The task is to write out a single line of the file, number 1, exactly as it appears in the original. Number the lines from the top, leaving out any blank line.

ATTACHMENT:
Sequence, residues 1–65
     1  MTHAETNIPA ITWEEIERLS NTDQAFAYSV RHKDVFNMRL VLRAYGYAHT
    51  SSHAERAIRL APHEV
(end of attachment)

Sequence, residues 1–65